Capitol Theatre plans proceed even without tax credits
Plans to renovate the Capitol Theatre and to build a Center for Dance on its west side counted heavily on receipt of $6 million in federal tax credits to round out financing for the $33.4 million arts center.
But the federal money did not come through at least not this year.
Down but not defeated, Salt Lake County and its partners at Ballet West have devised an alternate approach to continuing the project, one that expects to corral those "New Market Tax Credits" in the next federal funding cycle if Congress extends the program later this year.
"We have every reason to feel optimistic," Erin Litvack, county community services director, told the County Council on Tuesday. "Our [tax credit] application is at the head of the queue, lined up for the allocation in 2013. Every indicator makes us believe that is possible."
The tax credits, part of an IRS program to help banks and corporations make investments in local communities in lieu of paying federal taxes, were the final piece of financing needed to pay for the renovation/expansion, which also includes equal contributions of $13.4 million by the county and Ballet West.
Litvack said the Capitol Theatre application was strong, but it was tardy in securing required levels of funding from the county and its private partner. "We were a little late having cash in hand and that's why we got farther back in the queue," she added. "It was a matter of fundraising in a difficult economy."
Without those tax credits, the county and Ballet West regrouped and came up with a new plan to proceed.
Since the theater already has been scheduled for closure between June and December 2013, and it's too late now to try booking anything there during that span, the partners want to go ahead with the renovation work in the 1913-vintage theater itself.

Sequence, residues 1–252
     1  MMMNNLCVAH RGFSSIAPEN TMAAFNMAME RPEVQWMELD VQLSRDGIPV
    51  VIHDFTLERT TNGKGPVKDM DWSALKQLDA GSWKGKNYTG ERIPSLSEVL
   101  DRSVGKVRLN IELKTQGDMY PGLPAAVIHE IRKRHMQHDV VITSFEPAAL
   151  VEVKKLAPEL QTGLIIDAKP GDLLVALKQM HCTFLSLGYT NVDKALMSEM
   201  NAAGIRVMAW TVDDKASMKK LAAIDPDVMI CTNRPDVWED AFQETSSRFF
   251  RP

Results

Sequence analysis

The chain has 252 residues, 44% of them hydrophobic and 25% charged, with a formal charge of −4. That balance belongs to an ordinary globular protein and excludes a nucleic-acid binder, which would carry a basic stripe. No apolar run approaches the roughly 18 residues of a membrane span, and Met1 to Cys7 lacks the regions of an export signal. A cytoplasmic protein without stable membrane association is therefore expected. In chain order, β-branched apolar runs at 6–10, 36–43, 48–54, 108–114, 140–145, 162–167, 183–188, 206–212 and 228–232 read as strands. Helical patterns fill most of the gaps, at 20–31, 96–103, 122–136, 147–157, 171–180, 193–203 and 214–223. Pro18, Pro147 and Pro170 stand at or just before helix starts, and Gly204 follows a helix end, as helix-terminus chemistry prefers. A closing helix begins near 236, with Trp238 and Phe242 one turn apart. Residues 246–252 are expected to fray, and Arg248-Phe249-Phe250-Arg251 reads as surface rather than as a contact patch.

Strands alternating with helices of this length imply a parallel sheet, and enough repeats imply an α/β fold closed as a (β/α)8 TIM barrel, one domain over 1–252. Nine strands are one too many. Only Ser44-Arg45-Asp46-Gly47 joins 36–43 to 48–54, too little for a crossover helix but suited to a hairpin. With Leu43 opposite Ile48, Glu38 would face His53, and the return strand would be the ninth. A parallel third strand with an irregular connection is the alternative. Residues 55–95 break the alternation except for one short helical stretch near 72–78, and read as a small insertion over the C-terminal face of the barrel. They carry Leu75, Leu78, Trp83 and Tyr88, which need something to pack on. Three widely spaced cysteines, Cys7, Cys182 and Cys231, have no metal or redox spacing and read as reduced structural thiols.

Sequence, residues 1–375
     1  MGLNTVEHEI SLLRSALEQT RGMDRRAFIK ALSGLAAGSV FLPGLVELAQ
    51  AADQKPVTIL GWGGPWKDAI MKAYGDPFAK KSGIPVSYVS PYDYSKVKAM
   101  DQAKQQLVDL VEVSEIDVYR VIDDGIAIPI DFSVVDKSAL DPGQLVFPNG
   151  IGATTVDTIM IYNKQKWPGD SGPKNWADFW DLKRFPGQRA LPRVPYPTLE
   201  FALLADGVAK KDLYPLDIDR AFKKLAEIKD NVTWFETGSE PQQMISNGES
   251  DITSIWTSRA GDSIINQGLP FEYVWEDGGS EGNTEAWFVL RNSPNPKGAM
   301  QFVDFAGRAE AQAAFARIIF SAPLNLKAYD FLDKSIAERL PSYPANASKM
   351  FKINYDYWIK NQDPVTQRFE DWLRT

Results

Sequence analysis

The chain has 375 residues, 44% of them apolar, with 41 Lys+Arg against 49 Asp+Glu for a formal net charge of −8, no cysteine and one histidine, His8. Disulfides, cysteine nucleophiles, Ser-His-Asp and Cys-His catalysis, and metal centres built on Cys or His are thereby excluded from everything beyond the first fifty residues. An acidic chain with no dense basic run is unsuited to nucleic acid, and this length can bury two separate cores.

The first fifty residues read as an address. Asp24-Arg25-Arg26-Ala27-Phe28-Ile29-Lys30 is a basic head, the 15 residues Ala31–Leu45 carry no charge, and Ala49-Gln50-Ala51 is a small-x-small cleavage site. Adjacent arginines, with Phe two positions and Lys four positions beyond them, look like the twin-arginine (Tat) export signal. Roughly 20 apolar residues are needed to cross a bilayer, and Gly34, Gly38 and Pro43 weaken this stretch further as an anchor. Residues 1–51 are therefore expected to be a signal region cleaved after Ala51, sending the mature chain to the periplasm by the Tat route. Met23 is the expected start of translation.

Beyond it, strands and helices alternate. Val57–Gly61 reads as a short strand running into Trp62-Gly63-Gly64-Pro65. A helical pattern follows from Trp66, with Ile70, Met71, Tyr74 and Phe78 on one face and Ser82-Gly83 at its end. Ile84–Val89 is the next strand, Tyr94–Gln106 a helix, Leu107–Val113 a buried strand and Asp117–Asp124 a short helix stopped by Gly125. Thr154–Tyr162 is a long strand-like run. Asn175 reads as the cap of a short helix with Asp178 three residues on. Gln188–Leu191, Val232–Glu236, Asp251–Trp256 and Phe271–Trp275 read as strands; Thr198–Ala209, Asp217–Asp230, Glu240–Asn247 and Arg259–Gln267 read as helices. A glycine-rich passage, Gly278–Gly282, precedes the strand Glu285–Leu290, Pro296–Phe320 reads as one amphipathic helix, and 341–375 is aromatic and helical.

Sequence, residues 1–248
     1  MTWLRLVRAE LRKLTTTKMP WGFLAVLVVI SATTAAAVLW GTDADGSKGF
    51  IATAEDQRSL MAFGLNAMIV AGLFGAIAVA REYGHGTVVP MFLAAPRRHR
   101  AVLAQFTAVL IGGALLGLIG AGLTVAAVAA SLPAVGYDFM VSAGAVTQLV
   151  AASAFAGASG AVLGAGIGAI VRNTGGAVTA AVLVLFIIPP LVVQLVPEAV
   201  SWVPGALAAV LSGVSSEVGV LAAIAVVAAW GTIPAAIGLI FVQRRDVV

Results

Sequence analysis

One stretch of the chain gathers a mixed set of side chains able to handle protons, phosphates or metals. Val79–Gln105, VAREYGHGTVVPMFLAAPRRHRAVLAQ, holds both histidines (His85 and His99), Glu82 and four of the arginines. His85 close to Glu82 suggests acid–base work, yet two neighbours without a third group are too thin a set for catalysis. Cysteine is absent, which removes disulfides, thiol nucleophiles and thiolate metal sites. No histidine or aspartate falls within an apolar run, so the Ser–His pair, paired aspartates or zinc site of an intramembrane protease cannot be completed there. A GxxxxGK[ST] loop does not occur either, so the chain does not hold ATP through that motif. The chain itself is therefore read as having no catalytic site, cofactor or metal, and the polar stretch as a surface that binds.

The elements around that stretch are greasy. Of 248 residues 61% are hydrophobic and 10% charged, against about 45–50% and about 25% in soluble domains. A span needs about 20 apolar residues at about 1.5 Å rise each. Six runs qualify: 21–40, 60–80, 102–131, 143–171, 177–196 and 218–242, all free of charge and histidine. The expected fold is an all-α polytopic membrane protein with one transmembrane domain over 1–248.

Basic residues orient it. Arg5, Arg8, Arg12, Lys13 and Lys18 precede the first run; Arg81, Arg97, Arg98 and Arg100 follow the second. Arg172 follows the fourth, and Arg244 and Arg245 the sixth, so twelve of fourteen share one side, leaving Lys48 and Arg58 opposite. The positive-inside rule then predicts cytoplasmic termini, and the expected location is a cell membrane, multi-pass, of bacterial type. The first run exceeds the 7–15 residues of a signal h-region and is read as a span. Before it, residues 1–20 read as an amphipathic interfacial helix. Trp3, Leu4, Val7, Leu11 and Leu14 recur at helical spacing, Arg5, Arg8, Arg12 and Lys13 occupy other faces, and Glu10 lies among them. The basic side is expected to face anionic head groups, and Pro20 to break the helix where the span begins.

Litvack said initial work will focus on expanding the theater lobby by eliminating the arcade, rearranging a patron services area, upgrading the building's heating and air conditioning system, raising the theater stage and redoing the seat cushions.
By the time that's done for "The Nutcracker" in December of 2013, the county and Ballet West expect to have landed the desired tax credits. Those funds then could be applied to building Ballet West's long anticipated Jessie Eccles Quinney Center for Dance.
The five-story structure will house the ballet troupe as well as a dance academy for up to 600 dance students.
"So it's not a major blow, but something we have to work around," summarized County Councilman Jim Bradley, encouraging his colleagues to support the revised construction timetable and the partnership. "Let's not forget the contributions of Ballet West. It would be shortsighted of us to throw in the towel now."
Shari Quinney, chairwoman of Ballet West's capital campaign for the project, said county officials will not be disappointed going forward.
She said she "threw a hissy fit" when young architects initially produced drawings of a contemporary structure for the new dance center that was inconsistent with the century-old theater's classic design.
The drawings were changed, Quinney said, adding that now "it's elegant. It's gorgeous. It will be a beautiful facility."
Twitter: @sltribmikeg County officials, Ballet West waiting for federal funding
Renovations to the historical Capitol Theatre will begin in June, but Salt Lake County officials and Ballet West are still waiting for federal assistance that could be applied to building a Center for Dance adjacent to it.
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